Since its launch in 2018, Beat Saber has taken the VR landscape by storm, selling over one million units and becoming one of the best selling VR titles. On release, it skyrocketed to number one on Steam’s highest rated games of all time (and still sits in the top 150) and has been nominated and won numerous awards. Pretty impressive for an Czech-based indie studio that is comprised of only two developers, one music composer and he’s relied heavily on word of mouth and barely on any marketing. In an interview with Vortex Studio Founder Ján Ilavský , he attributed Beat Sabers success to being a great product that is able to sell itself. With that success, and the release of it’s first DLC pack, could Beat Saber be the Trojan Horse that invites VR hardware experiences, and other VR titles into more homes? I believe so. Even to the point where Beat Saber can be just as important to VR as Wii Sports was for the Wii, but not without caveats.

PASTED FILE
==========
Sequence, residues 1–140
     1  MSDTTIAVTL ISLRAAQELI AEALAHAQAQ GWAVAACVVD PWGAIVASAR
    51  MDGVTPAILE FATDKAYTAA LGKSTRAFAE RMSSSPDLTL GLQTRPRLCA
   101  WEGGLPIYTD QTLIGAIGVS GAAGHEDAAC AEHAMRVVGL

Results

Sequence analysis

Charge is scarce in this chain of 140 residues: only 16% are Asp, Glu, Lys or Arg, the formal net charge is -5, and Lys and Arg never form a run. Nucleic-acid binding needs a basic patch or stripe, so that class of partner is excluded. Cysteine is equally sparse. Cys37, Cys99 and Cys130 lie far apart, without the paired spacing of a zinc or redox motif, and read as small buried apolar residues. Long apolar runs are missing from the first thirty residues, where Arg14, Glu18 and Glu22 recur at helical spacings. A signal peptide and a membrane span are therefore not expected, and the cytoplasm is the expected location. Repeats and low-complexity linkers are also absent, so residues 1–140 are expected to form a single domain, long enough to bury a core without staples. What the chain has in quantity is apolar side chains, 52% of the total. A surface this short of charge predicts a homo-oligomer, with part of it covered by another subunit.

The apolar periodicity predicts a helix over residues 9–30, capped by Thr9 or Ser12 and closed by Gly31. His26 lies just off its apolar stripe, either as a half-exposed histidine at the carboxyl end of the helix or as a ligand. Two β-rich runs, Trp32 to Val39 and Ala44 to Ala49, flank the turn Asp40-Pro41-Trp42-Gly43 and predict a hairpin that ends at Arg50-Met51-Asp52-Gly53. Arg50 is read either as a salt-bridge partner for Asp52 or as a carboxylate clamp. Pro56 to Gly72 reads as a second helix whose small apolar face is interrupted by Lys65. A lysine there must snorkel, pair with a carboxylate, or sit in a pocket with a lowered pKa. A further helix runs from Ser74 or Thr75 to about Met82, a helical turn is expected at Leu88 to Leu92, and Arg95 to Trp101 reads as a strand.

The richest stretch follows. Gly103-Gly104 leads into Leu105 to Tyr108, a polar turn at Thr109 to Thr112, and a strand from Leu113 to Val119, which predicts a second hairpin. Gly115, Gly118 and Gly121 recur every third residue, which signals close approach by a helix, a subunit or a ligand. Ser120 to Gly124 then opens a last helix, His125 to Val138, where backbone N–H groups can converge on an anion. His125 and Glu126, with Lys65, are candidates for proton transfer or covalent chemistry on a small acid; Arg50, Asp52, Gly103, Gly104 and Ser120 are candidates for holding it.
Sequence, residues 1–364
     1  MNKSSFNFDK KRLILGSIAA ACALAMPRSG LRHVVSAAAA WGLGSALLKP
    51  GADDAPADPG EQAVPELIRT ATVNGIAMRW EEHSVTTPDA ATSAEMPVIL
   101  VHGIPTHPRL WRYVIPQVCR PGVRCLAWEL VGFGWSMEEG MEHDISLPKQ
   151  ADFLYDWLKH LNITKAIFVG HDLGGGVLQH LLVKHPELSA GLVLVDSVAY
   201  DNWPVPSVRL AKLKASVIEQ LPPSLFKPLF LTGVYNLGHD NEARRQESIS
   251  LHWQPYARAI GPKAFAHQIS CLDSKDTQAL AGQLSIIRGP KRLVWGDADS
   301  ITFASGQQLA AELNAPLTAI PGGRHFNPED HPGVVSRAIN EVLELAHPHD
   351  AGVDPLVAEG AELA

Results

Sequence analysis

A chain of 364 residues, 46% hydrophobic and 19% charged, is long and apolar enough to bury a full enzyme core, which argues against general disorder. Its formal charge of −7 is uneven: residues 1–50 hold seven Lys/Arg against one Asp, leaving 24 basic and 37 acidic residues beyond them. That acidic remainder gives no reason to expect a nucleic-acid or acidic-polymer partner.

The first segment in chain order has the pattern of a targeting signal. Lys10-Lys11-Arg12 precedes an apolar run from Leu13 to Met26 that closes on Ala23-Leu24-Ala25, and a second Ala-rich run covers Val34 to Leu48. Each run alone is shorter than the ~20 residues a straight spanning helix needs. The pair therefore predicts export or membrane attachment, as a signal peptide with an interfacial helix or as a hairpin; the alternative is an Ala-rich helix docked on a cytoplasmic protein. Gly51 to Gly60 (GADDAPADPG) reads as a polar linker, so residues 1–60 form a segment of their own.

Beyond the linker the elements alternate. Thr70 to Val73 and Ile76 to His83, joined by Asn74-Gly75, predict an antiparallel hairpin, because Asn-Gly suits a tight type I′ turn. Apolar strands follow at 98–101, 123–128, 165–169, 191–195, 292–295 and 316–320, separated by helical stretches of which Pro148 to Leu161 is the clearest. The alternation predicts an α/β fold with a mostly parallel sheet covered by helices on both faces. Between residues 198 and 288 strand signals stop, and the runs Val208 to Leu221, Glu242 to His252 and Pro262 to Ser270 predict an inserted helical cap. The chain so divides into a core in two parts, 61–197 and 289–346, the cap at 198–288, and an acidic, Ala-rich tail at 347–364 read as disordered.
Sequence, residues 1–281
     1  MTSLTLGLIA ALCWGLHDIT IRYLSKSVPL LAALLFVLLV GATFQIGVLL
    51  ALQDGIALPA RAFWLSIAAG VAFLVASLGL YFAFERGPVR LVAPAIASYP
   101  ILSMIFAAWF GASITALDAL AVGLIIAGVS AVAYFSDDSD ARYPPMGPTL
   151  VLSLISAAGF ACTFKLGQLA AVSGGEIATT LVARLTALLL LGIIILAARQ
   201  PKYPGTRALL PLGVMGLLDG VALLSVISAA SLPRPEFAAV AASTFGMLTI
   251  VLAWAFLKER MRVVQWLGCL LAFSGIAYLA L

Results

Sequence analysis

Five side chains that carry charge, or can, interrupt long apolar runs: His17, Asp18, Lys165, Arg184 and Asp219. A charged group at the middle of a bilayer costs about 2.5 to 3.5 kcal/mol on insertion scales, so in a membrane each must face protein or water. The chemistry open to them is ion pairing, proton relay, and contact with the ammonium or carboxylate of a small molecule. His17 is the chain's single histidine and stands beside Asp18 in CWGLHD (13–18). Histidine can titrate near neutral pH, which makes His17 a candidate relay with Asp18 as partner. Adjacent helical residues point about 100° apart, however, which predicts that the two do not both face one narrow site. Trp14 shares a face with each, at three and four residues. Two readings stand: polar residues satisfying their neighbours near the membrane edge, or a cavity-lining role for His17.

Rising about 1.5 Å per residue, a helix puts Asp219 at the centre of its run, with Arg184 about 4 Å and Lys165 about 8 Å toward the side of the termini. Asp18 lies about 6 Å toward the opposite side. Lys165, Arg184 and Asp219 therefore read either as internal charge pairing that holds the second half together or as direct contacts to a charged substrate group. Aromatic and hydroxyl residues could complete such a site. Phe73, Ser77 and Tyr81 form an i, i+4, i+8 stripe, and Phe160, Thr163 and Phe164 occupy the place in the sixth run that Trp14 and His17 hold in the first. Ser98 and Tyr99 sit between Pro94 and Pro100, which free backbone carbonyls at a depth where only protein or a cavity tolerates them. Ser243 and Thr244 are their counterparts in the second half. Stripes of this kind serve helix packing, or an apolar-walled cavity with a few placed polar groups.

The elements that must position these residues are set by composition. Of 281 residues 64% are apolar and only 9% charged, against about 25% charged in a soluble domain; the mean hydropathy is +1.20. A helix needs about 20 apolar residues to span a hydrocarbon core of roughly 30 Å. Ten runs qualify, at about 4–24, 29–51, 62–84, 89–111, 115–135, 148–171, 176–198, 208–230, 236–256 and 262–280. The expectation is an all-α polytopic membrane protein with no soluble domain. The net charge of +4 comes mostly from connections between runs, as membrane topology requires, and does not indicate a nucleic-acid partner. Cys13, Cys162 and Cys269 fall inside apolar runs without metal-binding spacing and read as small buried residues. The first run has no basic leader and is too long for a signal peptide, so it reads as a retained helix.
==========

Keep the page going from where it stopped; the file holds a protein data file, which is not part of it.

The glaringly obvious barriers to entry are price, accessibility, adoption, and understating of the technology. Price and accessibility almost go hand in hand when comparing VR to the juggernaut that was the Wii. The Wii had Nintendo’s brand power, a mass marketing appeal, an affordable $250USD launch price, and the promise of software titles from their intellectual properties in Mario, Zelda, Smash Bros and more. Even without Wii Sports, the Wii would been a success but probably not to the tune of one hundred million units. It was the Wiimote and innovation with peripherals like the Wii Balance Board that bridged the gap between long time and new players, fulfilling Nintendo’s goal of having casual gamers jump on board.